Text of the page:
Cutting together recorded material according to a prepared scheme such as a rough cut or EDL. EDLs can be used to directly control conforming in an online edit suite (auto-conforming). The time to conform varies widely, from a tape-based suite which takes much longer than the finished program’s running time, to a nonlinear online suite with true random access to all material. This reduces time by loading material in C-mode (see below) and the conforming itself takes only a moment and still allows any subsequent adjustments to be easily made.

Note that with in-server editing, material may be loaded onto the server as an independent task, rather than involving the edit equipment itself. This circumvents so called loading time and further reduces the total time to produce the finished program. The same is also true of nonlinear edit systems with the bandwidth to support loading as a background task.

There are a number of established ways, or modes, of approaching video editing.

A-mode is a simple sequential method, starting from the beginning of the program and going through to the end.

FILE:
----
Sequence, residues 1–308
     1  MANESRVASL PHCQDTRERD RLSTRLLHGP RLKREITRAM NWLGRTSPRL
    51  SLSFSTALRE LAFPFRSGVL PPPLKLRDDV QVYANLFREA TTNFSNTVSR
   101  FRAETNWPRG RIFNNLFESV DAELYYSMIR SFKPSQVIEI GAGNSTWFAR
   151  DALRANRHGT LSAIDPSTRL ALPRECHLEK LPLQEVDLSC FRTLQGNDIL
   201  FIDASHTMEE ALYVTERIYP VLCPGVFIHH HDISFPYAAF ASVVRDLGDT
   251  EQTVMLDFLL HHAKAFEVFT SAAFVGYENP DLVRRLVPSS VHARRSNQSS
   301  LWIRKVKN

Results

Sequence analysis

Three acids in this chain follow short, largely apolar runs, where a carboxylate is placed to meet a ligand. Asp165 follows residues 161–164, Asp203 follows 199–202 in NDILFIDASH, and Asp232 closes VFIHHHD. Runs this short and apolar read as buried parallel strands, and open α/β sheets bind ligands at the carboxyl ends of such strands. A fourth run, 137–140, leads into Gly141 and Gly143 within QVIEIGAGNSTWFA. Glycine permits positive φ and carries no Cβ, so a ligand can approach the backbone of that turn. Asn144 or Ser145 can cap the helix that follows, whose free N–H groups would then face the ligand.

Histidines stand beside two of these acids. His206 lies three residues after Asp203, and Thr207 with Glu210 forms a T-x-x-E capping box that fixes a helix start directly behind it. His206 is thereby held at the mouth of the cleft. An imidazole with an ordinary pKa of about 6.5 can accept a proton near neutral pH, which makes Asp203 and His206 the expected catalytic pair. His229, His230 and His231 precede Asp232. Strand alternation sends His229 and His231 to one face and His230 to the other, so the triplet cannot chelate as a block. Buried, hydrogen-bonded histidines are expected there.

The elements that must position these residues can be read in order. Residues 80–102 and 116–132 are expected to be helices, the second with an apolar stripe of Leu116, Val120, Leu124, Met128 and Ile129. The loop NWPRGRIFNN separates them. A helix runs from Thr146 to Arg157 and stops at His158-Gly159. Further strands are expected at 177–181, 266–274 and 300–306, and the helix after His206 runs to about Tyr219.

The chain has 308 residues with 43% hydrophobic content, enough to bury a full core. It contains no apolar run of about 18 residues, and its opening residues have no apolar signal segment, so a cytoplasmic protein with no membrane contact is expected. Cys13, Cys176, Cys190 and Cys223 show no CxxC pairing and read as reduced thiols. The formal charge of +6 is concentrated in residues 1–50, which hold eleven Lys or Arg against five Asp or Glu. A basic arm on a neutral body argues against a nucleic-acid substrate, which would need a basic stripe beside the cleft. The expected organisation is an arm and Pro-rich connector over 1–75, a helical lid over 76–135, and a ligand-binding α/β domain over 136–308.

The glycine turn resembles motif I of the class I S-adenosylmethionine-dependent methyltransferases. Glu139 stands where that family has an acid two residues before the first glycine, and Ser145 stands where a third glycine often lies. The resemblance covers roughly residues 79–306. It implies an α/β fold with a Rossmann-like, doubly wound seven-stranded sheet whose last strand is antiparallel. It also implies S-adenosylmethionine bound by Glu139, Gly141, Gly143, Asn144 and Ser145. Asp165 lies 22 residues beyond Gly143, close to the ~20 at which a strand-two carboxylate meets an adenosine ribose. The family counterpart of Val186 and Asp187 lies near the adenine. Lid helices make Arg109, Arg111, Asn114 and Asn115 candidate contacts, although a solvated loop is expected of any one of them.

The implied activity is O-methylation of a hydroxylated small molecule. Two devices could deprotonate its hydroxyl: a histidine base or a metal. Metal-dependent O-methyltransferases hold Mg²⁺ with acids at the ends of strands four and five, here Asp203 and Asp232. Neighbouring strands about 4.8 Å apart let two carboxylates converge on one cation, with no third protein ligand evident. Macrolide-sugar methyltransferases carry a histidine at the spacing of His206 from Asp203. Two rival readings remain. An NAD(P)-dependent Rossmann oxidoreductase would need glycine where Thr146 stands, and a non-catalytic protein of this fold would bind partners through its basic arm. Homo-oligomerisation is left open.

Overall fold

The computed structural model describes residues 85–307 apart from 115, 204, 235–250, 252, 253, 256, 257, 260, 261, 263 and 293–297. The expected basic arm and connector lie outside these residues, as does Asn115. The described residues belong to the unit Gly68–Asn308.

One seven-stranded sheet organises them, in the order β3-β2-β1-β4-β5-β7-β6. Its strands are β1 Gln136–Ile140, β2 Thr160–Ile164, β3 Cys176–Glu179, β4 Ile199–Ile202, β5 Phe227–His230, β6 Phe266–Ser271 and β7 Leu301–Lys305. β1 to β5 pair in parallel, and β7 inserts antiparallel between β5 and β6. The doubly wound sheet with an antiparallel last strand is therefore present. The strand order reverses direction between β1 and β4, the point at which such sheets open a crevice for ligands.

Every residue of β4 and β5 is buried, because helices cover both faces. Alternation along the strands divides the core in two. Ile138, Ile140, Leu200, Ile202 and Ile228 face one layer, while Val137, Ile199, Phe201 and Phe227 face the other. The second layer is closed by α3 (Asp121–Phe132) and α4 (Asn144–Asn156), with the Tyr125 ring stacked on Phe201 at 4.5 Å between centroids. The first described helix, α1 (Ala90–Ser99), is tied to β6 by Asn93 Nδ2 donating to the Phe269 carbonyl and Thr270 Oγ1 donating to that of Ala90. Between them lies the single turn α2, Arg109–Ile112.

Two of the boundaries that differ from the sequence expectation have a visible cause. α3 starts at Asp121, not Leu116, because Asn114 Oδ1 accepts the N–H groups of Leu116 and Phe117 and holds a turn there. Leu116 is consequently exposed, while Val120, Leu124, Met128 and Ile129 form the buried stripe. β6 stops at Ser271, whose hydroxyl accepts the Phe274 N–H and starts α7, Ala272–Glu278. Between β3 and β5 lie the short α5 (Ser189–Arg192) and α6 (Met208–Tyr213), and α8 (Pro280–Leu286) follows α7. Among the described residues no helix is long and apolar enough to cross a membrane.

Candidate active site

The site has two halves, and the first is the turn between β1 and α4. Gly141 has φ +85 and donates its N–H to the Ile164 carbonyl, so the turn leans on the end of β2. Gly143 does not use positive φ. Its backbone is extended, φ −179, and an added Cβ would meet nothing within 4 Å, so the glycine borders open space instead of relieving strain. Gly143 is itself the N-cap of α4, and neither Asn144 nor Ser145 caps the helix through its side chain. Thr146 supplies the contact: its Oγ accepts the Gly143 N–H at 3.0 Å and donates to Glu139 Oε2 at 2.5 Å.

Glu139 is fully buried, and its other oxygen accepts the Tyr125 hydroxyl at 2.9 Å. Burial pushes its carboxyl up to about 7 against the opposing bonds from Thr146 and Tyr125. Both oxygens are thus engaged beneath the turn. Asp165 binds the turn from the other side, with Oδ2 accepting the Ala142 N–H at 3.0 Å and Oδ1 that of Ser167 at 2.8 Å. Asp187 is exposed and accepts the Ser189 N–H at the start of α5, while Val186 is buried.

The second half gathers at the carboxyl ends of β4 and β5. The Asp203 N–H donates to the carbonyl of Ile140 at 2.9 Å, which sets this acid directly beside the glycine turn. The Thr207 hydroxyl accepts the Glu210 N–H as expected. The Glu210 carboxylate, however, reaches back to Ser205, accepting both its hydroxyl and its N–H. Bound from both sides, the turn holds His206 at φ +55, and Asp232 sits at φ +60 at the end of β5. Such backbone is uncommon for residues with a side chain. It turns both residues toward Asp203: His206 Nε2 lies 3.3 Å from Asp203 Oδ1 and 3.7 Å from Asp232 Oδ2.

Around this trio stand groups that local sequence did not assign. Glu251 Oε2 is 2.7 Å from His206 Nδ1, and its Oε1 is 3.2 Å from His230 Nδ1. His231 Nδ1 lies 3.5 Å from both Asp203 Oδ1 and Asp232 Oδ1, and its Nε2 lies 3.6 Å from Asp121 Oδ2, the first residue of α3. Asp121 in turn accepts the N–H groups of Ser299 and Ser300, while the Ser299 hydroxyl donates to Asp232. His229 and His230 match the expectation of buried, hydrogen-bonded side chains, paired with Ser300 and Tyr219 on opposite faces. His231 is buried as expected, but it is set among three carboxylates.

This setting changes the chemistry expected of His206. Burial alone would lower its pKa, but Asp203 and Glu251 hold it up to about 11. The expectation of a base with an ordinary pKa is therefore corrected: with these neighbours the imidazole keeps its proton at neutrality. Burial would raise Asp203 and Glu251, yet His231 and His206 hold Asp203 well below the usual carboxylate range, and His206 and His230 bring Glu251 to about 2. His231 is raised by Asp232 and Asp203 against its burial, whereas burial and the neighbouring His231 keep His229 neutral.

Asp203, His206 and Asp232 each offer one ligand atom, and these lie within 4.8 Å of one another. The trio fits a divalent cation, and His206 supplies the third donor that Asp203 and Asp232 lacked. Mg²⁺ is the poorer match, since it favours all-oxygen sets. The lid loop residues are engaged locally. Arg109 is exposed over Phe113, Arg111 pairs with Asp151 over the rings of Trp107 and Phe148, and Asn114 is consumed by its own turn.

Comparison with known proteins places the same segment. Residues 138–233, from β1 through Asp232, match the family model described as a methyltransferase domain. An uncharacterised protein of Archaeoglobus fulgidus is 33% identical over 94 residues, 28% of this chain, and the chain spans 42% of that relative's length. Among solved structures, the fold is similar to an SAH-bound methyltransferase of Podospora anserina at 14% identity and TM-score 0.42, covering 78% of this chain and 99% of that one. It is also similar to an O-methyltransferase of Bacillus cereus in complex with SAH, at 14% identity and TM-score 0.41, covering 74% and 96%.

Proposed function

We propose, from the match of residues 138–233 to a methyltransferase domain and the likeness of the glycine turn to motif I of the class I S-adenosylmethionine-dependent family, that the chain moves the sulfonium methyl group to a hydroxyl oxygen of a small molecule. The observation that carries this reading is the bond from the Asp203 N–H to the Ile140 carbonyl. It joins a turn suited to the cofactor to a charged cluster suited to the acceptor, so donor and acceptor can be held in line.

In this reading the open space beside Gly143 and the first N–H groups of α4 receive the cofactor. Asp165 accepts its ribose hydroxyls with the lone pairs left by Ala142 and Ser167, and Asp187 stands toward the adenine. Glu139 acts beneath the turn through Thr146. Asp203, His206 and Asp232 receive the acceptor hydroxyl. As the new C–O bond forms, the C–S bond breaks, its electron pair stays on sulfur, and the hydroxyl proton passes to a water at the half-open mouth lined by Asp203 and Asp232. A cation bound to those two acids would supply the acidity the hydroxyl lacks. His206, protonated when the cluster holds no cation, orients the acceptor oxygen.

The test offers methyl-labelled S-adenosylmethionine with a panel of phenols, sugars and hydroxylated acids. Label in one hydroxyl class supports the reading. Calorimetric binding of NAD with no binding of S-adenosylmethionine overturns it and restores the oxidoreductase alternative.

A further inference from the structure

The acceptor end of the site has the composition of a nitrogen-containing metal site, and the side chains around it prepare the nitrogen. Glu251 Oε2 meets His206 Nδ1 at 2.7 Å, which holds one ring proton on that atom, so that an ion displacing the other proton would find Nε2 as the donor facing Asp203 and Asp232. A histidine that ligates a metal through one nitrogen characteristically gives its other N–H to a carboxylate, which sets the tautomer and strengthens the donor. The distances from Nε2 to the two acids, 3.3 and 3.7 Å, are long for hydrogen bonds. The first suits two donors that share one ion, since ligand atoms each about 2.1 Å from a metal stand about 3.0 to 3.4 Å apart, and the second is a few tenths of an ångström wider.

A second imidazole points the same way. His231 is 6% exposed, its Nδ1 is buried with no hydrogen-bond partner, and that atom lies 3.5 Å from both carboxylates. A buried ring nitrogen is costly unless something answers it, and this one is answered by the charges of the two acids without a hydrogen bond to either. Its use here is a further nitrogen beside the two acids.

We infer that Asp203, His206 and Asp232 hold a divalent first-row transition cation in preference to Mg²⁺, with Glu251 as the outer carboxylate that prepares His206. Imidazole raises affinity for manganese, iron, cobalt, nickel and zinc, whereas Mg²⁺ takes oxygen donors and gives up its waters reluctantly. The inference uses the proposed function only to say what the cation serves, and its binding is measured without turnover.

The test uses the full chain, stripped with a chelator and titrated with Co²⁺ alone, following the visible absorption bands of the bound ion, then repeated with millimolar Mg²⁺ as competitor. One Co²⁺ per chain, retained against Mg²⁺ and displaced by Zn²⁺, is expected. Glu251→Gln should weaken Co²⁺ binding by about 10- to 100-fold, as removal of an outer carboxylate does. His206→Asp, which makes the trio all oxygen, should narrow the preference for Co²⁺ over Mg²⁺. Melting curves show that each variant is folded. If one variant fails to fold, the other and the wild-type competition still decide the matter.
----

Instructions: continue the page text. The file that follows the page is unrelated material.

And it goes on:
B-mode uses all shots from one particular source before the next source is used (i.e. checkerboarding).

C-mode is similar to B-mode but works sequentially through the playback source rather than the record tape.

D-mode is similar to A-mode except that dissolves and other transitions are performed last, at the end of the conform.

E-mode is similar to C-mode but with transitions at the end, as in D-mode.

Note that the logic of the above modes is based on the characteristics of videotape. As tape is increasingly replaced by other recording media, network conform is becoming increasingly used. Part of the work of the Advanced Media Workflow Association (AMWA) is to provide new industry standards for this important area.

See also: Delta editing, In-server editing, Uncommitted editing